Published on in Vol 10 (2024)

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Evaluation of the e–Mental Health Intervention Make It Training From Patients' Perspectives: Qualitative Analysis Within the Reduct Trial

Evaluation of the e–Mental Health Intervention Make It Training From Patients' Perspectives: Qualitative Analysis Within the Reduct Trial

Evaluation of the e–Mental Health Intervention Make It Training From Patients' Perspectives: Qualitative Analysis Within the Reduct Trial

Original Paper

1Clinic for Psychosomatic Medicine and Psychotherapy, LVR-University Hospital Essen, University of Duisburg-Essen, Essen, Germany

2Comprehensive Cancer Center, University Hospital Essen, Essen, Germany

3Center for Translational Neuro- and Behavioral Sciences, University of Duisburg-Essen, Essen, Germany

4Department of Psychology, Educational and Child Studies, Erasmus University Rotterdam, Rotterdam, Netherlands

5Department of Psychosomatic Medicine and Psychotherapy, University Hospital Tübingen, Eberhard Karls University Tübingen, Tübingen, Germany

6Comprehensive Cancer Center, University Hospital Tübingen, Tübingen, Germany

7Department of Psychosomatic Medicine and Psychotherapy, University Hospital Erlangen, Friedrich-Alexander-University Erlangen-Nürnberg, Erlangen, Germany

8Comprehensive Cancer Center, University Hospital Erlangen, Erlangen, Germany

9Fraunhofer Institute for Software and Systems Engineering, Dortmund, Germany

Corresponding Author:

Julia Barbara Krakowczyk, MSc

Clinic for Psychosomatic Medicine and Psychotherapy

LVR-University Hospital Essen

University of Duisburg-Essen

Virchowstraße 174



Phone: 49 201438755216


Background: Make It Training is an e–mental health intervention designed for individuals with cancer that aims to reduce psychological distress and improve disease-related coping and quality of life.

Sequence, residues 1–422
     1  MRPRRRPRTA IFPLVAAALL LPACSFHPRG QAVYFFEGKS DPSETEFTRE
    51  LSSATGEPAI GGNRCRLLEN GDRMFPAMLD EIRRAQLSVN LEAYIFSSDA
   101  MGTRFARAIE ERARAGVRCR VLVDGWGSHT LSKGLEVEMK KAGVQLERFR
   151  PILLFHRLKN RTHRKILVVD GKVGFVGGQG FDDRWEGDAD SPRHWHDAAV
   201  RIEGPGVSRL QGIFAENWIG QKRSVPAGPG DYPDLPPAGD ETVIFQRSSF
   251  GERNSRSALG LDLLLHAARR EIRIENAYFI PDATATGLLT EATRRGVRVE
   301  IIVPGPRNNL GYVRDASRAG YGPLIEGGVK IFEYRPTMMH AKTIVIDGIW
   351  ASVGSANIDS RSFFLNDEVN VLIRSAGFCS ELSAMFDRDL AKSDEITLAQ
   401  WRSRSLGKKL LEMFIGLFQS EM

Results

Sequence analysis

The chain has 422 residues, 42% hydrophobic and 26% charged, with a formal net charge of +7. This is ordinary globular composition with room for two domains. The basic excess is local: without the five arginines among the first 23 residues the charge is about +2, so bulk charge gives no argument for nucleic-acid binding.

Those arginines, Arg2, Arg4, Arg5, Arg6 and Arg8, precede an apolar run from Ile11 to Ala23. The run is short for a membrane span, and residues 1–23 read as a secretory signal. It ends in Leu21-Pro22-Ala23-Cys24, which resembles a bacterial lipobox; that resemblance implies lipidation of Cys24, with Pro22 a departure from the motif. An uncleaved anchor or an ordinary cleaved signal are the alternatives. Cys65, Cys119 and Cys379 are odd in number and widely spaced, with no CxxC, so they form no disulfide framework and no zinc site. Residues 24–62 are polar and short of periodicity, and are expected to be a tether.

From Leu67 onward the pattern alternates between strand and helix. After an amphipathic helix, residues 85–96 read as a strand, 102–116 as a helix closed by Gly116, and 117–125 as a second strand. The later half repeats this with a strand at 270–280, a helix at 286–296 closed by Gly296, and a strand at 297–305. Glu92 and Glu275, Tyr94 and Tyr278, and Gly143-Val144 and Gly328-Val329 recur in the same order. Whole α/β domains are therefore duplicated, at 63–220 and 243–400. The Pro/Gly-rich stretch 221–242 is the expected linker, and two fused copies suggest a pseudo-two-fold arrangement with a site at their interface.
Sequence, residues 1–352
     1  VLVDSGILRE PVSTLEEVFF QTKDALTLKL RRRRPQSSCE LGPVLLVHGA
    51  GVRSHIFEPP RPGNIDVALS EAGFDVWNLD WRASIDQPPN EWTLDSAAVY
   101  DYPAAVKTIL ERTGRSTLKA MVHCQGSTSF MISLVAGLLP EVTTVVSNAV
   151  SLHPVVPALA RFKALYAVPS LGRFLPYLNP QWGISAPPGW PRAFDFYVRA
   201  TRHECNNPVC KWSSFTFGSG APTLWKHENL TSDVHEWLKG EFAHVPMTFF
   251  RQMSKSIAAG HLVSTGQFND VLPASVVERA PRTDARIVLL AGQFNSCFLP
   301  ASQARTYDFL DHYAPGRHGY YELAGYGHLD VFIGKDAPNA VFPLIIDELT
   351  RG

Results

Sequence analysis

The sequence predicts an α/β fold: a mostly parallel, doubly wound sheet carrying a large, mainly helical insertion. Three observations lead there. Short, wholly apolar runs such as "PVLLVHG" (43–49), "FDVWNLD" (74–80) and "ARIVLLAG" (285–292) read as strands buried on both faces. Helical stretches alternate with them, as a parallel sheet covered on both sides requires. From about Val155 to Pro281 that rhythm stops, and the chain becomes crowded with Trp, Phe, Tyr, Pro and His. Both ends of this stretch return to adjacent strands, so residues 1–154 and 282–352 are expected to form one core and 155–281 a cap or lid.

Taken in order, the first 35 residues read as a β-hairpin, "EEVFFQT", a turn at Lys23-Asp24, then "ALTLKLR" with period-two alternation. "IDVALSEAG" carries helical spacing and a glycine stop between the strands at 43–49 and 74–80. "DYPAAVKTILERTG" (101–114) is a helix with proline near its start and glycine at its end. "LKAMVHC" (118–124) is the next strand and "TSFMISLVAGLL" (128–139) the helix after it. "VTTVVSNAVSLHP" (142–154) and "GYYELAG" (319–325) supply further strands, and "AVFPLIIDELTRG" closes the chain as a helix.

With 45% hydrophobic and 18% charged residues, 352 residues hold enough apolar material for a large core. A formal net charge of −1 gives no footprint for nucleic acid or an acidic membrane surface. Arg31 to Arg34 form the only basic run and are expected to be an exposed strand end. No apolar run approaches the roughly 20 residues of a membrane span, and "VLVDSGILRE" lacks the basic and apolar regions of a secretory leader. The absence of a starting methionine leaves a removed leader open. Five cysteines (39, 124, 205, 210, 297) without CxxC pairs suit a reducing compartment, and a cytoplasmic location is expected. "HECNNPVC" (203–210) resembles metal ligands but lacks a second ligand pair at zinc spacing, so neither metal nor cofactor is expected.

Objective: This study evaluated the experienced usefulness and usability of the web-based Make It Training intervention using a qualitative approach.

Methods: In this study, semistructured interviews were conducted with participants at different cancer stages and with different cancer entities. All participants had previously taken part in the Reduct trial, a randomized controlled trial that assessed the efficacy of the Make It Training intervention. The data were coded deductively by 2 independent researchers and analyzed iteratively using thematic codebook analysis.

Results: Analysis of experienced usefulness resulted in 4 themes (developing coping strategies to reduce psychological distress, improvement in quality of life, Make It Training vs traditional psychotherapy, and integration into daily life) with 11 subthemes. Analysis of experienced usability resulted in 3 themes (efficiency and accessibility, user-friendliness, and recommendations to design the Make It Training intervention to be more appealing) with 6 subthemes. Make It Training was evaluated as a user-friendly intervention helpful for developing functional coping strategies to reduce psychological distress and improve quality of life. The consensus regarding Make It Training was that it was described as a daily companion that integrates well into daily life and that it has the potential to be routinely implemented within oncological health care either as a stand-alone intervention or in addition to psychotherapy.

Conclusions: e–Mental health interventions such as Make It Training can target both the prevention of mental health issues and health promotion. Moreover, they offer a cost-efficient and low-threshold option to receive psycho-oncological support.

JMIR Cancer 2024;10:e53117




Cancer is one of the leading causes of death worldwide, and its prevalence is constantly increasing [1]. Worldwide, 19.3 million new cases of cancer were diagnosed in 2020 [2]. By 2024, a total of 27.5 million new cases of cancer are expected each year [2]. Receiving a cancer diagnosis and undergoing cancer treatment are associated with a high psychological burden [3,4]. Approximately every second individual diagnosed with cancer experiences high psychological distress, and one-third of all individuals across different cancer stages and types meet the criteria for at least one mental health disorder [5-7].